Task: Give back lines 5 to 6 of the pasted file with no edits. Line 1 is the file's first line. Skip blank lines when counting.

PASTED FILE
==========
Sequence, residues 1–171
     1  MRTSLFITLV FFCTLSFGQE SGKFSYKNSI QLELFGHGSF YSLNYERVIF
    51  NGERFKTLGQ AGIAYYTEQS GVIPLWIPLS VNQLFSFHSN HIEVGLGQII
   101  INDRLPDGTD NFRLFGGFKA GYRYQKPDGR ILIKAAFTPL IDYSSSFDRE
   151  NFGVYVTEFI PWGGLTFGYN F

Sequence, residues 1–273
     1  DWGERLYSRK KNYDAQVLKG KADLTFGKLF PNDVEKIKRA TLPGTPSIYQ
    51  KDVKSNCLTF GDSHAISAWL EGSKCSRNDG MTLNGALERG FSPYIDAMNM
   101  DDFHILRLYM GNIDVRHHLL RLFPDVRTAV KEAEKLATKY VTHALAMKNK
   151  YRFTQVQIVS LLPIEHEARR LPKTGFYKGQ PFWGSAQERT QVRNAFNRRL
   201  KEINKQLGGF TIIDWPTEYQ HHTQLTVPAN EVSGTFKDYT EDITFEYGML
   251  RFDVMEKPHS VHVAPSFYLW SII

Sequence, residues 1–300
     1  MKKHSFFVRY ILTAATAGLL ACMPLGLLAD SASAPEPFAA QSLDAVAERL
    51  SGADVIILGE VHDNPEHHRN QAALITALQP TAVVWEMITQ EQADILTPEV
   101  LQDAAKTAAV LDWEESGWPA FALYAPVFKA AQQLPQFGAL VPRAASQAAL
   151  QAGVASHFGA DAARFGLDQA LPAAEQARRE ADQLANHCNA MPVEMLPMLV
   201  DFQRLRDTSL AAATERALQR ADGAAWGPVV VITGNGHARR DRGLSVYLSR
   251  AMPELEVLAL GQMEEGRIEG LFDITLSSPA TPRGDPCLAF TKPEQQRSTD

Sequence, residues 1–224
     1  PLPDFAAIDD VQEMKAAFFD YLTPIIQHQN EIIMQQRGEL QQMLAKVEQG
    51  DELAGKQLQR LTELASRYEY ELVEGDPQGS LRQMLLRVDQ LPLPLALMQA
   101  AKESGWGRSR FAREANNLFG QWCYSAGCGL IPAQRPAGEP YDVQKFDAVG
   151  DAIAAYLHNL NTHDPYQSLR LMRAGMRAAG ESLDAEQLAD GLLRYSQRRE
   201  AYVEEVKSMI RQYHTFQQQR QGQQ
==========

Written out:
   151  NFGVYVTEFI PWGGLTFGYN F

Sequence, residues 1–273